Right. They can go work as a CNA at a nursing home or hospice or psychiatric facility; or visit/help the elderly under the auspices of a local Senior Citizens Service Center; or volunteer at a school assisting special education staff – maybe a one-on-one with a kindred spirit – a disagreeable, oppositionally defiant student. All character-/maturity-building experiences.

    • Posted May 7, 2019 at 11:23 pm | Permalink

      I like this idea. A counter-Demand from the Admin that the children take a year off and do volunteer work for the poor. Come back and maybe we will talk.

  15. CJColucci
    Posted May 7, 2019 at 4:27 pm | Permalink

    Students ask for stupid s**t. The administration doesn’t give it to them, either with or without a high-flown statement of principle. That’s what’s supposed to happen.

  16. phoffman56
    Posted May 7, 2019 at 7:49 pm | Permalink

    From the Urban Dictionary:
    ‘Jesus Murphy:
    A phrase uttered by Canadians who stub their toes. By replacing “Christ” with “Murphy,” these Canadians manage to avoid hell.’

    And all along I, a Canuck even, had been thinking that Rex was only begotten son of Jesus Murphy. How else could he have gotten all those multi-syllabic words? From other Rhodes (the racist) scholars? But no degree from Oxford, just enough panache to return to the colonies to make an ass of himself on CBC and in Canuck publications for 50 years.

    The quote here from him is not too difficult to have come up with. Way back when, I actually listened to him a few times, but never heard a single original idea. So went for pee during his blather on CBC’s big evening newscast. Neither was this one original, though as Jerry said, he’s at least on the right track for once.

  17. phoffman56
    Posted May 7, 2019 at 7:49 pm | Permalink

    From the Urban Dictionary:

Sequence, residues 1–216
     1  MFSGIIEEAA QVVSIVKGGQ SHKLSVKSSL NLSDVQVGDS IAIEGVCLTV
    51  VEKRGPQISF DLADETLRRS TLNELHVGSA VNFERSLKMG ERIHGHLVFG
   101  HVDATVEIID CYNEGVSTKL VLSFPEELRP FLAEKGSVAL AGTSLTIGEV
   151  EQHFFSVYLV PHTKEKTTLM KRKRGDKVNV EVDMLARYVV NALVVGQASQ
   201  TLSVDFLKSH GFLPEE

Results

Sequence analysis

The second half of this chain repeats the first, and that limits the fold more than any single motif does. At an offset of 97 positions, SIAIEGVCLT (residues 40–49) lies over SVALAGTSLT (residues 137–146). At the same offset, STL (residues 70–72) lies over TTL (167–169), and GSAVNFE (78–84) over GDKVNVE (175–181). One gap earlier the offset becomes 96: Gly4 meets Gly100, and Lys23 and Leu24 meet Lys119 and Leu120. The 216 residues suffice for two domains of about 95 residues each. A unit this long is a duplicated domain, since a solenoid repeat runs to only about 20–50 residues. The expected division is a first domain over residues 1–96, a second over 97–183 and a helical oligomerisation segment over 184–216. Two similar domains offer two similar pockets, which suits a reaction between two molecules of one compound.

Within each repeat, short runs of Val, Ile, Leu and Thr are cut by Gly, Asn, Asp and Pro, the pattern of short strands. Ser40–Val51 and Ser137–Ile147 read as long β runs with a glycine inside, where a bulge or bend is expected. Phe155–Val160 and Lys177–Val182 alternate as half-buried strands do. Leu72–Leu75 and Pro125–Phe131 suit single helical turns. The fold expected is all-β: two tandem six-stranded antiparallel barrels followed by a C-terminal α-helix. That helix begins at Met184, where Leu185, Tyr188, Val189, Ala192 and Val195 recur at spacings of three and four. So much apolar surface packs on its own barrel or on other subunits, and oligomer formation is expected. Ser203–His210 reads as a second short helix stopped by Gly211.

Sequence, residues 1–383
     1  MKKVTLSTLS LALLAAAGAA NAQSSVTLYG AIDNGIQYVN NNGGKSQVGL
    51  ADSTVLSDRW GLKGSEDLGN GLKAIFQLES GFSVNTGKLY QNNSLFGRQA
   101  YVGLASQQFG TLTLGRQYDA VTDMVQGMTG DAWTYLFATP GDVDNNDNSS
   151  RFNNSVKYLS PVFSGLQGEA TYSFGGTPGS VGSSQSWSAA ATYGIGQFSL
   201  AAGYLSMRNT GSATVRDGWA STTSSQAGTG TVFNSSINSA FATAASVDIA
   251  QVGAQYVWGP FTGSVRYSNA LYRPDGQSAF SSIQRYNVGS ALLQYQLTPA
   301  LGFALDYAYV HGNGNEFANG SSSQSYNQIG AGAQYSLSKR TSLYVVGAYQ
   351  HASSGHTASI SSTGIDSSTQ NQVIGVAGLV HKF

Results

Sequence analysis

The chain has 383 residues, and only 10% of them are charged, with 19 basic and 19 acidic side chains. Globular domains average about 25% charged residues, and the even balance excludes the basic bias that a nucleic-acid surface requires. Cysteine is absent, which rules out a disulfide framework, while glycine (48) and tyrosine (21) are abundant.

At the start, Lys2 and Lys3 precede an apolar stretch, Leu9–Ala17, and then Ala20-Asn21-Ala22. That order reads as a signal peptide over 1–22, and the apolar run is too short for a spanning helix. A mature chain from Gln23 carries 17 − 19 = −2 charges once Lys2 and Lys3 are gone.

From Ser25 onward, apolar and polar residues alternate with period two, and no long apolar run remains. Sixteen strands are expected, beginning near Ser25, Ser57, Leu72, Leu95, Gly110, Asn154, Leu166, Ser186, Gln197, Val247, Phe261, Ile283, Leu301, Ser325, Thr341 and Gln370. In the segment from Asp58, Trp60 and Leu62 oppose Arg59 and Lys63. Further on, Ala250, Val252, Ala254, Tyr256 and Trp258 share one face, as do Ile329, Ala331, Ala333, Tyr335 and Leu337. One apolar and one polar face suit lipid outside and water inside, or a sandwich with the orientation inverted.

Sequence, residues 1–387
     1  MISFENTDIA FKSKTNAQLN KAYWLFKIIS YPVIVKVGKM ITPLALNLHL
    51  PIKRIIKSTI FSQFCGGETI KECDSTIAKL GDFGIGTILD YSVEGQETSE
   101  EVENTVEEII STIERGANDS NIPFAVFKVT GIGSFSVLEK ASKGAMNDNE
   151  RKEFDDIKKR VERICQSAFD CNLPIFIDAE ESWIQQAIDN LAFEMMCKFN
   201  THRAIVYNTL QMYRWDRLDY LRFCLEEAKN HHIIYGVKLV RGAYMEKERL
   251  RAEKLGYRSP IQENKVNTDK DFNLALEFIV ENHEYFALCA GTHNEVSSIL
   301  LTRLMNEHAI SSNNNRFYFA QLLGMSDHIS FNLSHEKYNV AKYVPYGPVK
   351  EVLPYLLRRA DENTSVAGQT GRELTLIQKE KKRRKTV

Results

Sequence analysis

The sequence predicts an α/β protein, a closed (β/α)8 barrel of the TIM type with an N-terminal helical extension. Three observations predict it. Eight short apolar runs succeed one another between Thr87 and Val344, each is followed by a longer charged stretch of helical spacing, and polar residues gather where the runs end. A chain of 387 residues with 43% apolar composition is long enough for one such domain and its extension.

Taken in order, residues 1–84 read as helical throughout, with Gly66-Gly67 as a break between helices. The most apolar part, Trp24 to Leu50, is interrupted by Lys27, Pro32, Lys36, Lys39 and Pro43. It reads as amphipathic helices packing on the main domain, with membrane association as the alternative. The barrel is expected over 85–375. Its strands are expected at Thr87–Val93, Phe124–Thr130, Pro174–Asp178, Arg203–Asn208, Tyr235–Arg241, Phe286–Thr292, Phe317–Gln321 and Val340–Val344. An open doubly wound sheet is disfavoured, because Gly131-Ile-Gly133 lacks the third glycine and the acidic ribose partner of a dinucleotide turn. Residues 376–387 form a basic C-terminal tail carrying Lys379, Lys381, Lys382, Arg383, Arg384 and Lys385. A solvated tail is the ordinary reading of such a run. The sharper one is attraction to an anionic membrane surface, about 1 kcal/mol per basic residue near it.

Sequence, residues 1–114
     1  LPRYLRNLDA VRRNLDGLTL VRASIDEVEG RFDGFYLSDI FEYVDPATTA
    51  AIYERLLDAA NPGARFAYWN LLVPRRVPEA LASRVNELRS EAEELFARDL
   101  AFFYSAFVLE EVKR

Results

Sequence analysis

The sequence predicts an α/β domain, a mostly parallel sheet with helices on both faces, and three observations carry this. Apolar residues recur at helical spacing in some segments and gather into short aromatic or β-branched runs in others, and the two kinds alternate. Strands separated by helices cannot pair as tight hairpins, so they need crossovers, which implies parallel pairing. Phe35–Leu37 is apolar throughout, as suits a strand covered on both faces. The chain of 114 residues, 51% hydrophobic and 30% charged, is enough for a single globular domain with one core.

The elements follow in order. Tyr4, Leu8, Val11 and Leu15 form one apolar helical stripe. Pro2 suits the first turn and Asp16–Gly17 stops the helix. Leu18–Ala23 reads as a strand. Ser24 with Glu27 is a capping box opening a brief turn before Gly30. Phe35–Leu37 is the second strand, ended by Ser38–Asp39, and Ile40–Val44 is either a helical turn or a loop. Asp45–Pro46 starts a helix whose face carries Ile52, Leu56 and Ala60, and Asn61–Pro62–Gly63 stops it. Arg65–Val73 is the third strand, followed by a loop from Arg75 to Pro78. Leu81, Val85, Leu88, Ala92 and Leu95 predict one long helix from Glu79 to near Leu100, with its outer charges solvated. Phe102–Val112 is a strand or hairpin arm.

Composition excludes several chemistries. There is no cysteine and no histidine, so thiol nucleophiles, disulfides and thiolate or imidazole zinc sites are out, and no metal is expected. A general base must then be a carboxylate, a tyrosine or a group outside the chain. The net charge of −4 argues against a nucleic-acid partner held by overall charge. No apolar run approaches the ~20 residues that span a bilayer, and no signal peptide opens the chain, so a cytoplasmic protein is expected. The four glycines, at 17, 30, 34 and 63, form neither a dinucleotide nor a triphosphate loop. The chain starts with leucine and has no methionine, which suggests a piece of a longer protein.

‘Jesus Murphy:
    A phrase uttered by Canadians who stub their toes. By replacing “Christ” with “Murphy,” these Canadians manage to avoid hell.’

    And all along I, a Canuck even, had been thinking that Rex was only begotten son of Jesus Murphy. How else could he have gotten all those multi-syllabic words? From other Rhodes (the racist) scholars? But no degree from Oxford, just enough panache to return to the colonies to make an ass of himself on CBC and in Canuck publications for 50 years.

    The quote here from him is not too difficult to have come up with. Way back when, I actually listened to him a few times, but never heard a single original idea. So went for pee during his blather on CBC’s big evening newscast. Neither was this one original, though as Jerry said, he’s at least on the right track for once.

    • phoffman56
      Posted May 7, 2019 at 8:00 pm | Permalink

      Apologies once again for the caffeine-free double double.

    • phoffman56
      Posted May 8, 2019 at 6:58 am | Permalink

      Better : ‘…Rex (after all, meaning ‘king’) was the only begottING father of Jesus Murphy’

    • Diana MacPherson
      Posted May 8, 2019 at 10:34 am | Permalink

      Yeah I think “Jesus Murphy” is a Canuck swear. It’s funny how you don’t know the Canuck specific words until you say them to a non-Canuck and they don’t know what you’re talking about.

  18. Roo
    Posted May 7, 2019 at 8:10 pm | Permalink

    The Atlantic also has an article about Paglia by Conor Friedersdorf that gives the reaction of some of the faculty. They seemed generally afraid to talk about it for fear of repercussions.

    I hope the students grow out of this victim mentality at some point. We all know people who, as adults, become absolutely mired in it, and it’s sad. Granted, we probably all have one or two feuds / relationships / dynamics / etc. that we approach that way, that’s part of being human, but when it’s an across the board orientation towards life I think it can be extremely embittering and limiting. (Trying to decide if ‘victim mentality’ or ‘tyrant mentality’ was the mindset here, and it’s interesting in that, the more I think about it, ‘victim mentality’ and ‘victor mentality’ are very similar, if not the same. A person who views themselves as a totally innocent victim and a person who feels they must be the victor at all costs will both assume a zero-sum, inflexible stance where apologies, seeing the other point of view, and reconciliation even in the face of differences are off the table, not even considered. Of course in some cases this is appropriate – but again, as an orientation towards life in general I think it’s very problematic. I continue to hope this is just a necessary correction after the nihilistic 90s and everyone will get over it soon.)